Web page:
But as the film’s ending quote from poet Rainer Rilke’s so appropriately states “No feeling is final.” And that is the timely message of “Jojo Rabbit”. A young German boy perfecting his “Heil Hitler!” salute in the opening scene eventually sees through veil of hate. And through his journey Waititi shows that meaningful change is indeed possible. Sure, it could have dove deeper into the Nazi atrocities, but that would make for a much different movie. Other films have already done that well. Let “Jojo Rabbit” speak with its own unique voice because it truly has something beautiful to say.



REVIEW: “Joker” (2019)

The concept of the new “Joker” movie should have been enough to excite me from the start. A dark, psychological, and unflinching dig into the mentally fractured life of the most iconic DC Comics villain? Right up my alley. And then you top it off by casting the insanely intense and always committed Joaquin Phoenix. All the ingredients are there yet since the very first trailer I found myself more cautious than enthusiastic.

Three concerns kept my expectations in check. 1) The film is from Todd Phillips whose movies I generally struggle with and who has never done anything quite like this. Could he pull it off? 2) Phillips came out early saying “people are gonna be mad“. Did that mean he was straying completely away from the source material and simply milking the Joker name for attention and publicity? 3) Lastly, much of what makes Joker so unsettling comes from the mysteries of who he is and where he comes from. Would lifting that veil strip the character of his signature menace?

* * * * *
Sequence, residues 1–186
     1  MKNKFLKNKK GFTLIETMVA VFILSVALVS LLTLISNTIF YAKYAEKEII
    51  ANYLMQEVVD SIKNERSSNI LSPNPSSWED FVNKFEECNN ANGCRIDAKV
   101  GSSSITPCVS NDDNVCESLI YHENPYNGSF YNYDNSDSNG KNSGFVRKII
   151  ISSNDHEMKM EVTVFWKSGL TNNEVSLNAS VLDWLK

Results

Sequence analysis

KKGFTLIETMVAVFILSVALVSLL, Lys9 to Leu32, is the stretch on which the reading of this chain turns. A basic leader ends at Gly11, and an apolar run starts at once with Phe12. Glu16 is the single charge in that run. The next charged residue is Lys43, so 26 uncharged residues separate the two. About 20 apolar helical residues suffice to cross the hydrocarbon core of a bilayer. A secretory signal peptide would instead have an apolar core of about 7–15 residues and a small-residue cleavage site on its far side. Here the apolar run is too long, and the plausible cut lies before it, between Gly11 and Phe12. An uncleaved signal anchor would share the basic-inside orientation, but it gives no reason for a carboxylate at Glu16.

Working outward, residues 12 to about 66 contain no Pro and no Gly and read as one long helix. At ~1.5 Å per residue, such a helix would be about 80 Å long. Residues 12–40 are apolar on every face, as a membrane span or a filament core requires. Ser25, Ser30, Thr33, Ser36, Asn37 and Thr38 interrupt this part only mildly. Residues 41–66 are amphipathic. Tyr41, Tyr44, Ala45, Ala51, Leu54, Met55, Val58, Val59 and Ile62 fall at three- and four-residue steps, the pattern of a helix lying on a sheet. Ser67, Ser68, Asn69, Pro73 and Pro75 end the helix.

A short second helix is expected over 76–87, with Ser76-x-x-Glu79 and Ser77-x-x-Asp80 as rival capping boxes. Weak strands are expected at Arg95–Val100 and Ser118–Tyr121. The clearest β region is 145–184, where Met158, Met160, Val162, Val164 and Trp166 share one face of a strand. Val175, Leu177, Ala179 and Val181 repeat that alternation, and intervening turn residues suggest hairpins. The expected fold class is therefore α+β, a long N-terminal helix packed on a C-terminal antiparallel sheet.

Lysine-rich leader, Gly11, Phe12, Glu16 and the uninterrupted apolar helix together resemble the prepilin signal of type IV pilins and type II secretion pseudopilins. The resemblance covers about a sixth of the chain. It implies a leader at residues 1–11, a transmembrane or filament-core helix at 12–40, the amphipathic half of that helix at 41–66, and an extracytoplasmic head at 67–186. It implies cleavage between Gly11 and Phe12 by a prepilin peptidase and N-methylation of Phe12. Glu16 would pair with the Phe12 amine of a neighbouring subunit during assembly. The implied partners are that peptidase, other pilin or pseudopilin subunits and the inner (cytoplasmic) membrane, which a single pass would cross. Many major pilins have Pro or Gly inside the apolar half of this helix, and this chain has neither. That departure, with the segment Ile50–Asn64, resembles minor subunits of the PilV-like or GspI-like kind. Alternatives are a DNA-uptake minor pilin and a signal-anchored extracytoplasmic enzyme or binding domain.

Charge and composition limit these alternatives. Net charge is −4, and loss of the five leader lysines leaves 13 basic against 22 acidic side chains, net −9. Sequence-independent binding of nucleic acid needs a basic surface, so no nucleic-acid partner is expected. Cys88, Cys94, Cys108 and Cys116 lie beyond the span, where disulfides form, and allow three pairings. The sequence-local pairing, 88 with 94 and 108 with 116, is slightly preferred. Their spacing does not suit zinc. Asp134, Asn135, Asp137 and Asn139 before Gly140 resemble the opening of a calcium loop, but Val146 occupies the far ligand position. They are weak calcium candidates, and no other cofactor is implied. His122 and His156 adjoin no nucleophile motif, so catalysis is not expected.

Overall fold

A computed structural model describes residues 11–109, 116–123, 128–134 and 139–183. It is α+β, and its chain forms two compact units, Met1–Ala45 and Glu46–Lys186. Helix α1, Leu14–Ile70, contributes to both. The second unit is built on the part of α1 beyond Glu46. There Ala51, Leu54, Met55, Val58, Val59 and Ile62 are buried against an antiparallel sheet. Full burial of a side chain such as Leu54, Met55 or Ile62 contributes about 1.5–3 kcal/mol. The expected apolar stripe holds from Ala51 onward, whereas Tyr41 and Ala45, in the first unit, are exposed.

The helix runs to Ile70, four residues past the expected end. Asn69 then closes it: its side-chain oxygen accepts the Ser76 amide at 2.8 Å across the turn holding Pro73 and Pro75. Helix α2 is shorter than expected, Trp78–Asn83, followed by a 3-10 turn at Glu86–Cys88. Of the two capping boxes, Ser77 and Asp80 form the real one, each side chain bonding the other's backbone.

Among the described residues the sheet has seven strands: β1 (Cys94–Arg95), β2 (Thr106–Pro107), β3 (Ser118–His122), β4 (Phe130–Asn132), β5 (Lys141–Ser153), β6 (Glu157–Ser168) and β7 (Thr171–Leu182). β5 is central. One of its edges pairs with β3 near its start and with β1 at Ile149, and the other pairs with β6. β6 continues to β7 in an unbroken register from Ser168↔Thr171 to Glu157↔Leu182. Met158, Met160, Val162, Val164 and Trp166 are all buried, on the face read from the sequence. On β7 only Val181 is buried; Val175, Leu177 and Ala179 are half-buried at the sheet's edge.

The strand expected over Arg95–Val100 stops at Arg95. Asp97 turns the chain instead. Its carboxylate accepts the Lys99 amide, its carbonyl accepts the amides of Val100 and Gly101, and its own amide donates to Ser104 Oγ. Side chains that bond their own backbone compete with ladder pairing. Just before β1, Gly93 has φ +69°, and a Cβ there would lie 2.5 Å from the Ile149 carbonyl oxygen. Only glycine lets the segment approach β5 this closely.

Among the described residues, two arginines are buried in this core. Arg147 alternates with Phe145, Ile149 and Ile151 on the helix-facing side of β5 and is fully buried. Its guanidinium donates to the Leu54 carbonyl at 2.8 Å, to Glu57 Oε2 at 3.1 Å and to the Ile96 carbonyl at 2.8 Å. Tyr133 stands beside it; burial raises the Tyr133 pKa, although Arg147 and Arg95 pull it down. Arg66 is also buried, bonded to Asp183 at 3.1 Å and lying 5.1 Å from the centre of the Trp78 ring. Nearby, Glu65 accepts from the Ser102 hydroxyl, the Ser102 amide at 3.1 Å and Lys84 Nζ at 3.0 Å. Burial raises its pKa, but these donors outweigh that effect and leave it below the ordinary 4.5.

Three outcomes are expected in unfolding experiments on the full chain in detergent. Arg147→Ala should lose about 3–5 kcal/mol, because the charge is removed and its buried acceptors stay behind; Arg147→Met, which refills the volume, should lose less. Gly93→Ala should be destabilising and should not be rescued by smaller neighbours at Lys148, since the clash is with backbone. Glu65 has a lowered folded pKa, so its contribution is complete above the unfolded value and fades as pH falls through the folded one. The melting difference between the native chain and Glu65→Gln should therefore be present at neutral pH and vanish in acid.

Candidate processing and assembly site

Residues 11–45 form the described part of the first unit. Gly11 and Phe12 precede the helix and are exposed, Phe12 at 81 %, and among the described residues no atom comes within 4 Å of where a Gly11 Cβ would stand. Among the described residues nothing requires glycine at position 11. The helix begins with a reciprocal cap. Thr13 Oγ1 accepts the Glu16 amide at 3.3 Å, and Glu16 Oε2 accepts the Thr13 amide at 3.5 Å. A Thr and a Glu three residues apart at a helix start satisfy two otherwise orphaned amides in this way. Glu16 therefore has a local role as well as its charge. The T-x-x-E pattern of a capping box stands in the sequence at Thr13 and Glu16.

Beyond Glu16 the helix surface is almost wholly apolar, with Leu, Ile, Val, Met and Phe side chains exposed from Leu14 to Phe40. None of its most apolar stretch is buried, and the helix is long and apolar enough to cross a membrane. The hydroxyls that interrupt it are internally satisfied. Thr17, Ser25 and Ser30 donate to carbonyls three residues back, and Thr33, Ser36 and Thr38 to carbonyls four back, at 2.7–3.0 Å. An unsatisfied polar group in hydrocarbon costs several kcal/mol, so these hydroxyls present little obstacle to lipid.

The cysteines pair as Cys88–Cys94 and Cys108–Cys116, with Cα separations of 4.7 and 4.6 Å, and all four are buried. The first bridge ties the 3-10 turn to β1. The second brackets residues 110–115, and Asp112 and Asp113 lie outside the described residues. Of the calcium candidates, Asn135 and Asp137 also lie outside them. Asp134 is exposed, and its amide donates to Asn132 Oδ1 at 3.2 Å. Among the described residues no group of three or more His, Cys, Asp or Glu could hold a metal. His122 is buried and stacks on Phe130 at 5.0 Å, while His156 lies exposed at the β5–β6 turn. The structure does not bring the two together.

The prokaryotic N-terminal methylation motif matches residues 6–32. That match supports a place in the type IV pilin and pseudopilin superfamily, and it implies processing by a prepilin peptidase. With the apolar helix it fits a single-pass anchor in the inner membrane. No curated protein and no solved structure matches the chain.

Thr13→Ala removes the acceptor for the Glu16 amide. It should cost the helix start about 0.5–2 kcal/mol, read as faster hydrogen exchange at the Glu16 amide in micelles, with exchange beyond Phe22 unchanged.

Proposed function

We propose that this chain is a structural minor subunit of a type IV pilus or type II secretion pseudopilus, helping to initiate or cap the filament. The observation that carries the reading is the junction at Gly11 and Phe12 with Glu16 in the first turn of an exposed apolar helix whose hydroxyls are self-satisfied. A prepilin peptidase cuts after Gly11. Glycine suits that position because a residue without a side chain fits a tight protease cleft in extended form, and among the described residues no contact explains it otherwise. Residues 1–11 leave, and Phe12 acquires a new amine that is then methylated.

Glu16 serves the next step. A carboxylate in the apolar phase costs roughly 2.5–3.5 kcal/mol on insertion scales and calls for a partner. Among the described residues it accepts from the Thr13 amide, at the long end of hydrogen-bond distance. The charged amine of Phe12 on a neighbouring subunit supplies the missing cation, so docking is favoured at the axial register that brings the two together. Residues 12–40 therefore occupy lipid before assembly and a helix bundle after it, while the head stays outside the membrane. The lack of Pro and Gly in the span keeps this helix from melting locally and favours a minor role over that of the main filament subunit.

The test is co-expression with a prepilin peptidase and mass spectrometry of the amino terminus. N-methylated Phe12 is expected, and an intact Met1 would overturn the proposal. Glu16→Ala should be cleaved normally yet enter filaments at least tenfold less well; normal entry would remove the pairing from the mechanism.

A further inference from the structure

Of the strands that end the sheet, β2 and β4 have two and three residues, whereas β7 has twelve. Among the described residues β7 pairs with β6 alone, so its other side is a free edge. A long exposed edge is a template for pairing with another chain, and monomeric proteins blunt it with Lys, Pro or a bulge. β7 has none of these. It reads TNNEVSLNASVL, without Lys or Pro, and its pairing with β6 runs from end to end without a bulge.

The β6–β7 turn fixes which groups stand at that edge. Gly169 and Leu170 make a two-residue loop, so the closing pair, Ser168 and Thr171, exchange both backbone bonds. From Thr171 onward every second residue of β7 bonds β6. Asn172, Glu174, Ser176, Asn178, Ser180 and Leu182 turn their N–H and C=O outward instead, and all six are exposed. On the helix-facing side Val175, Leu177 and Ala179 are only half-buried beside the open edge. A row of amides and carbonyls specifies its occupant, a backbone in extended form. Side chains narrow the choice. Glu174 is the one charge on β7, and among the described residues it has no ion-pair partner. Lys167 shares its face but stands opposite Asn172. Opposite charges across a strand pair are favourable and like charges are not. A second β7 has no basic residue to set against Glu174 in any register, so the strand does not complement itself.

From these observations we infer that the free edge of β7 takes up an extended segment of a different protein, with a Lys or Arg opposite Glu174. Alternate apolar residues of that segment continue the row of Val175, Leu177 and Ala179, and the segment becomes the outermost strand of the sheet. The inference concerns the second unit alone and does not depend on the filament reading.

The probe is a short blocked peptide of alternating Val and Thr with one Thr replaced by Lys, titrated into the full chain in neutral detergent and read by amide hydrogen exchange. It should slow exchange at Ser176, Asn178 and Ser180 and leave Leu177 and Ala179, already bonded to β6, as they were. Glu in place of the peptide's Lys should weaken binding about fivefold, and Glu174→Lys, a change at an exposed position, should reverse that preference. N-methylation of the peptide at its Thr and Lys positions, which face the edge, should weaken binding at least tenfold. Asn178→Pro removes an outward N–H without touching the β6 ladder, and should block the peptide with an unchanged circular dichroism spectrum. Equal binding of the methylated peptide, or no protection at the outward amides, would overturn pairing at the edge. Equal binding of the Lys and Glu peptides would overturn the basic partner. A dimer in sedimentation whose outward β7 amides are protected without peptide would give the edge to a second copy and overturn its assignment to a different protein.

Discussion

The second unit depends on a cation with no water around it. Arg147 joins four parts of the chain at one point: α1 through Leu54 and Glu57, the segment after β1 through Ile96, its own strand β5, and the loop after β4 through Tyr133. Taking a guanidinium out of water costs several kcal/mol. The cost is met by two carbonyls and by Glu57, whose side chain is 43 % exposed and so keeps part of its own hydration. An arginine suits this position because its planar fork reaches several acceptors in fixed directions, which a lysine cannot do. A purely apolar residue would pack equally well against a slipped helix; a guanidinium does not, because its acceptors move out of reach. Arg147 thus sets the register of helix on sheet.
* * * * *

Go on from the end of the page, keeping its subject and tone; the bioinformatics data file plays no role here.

The quick answers to those questions: Yes, No, and No. More pointedly, what Phillips has made is pretty spectacular – a relentlessly grim character study of a madman on the edge and a stinging rebuke of the morally bankrupt society that pushes him over it. Furthermore, no one can say “Joker” is politically agnostic, but its societal critique is far from one-sided and the film features more narrative and critical depth than I ever expected. Oh, and it’s also one cracking setup for one of pop culture’s most sinister villains.


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“Joker” is a comic book movie similar to “Logan” in that it was let off the studio leash and allowed to make its own rules. It isn’t bound by any genre convention or expectation and it has no direct tie to any previous DC movie. This gave Phillips and company a ton of freedom and obviously they ran with it. Most surprising to me (a long-time fan of the Clown Prince) is how Phillips impressively balances having an original vision with capturing the essence of such an established character.

The movie’s bleakness begins with its introduction to Arthur Fleck (Phoenix) who lives with his sickly mother (Frances Conroy) on the impoverished outskirts of Gotham City. Arthur is an ambitious but unstable man who works for a rag-tag clown-for-hire agency but dreams of one day being a stand-up comedian. From the very beginning we know the deck is stacked against him and that’s a big part of Phillips’ message.

You could say Arthur represents society’s fringe, the dismissed and disenfranchised. They are vividly contrasted with the powerful upper-class elites embodied in billionaire Thomas Wayne (Brett Cullen). The concept of the ‘haves’ vs. ‘have-nots’ is a central premise and it’s often quite potent. Other times it can be glaringly on-the-nose. But it does feed the idea that Gotham is a powder keg where crime and poverty grows in one community while the other seems oblivious to it.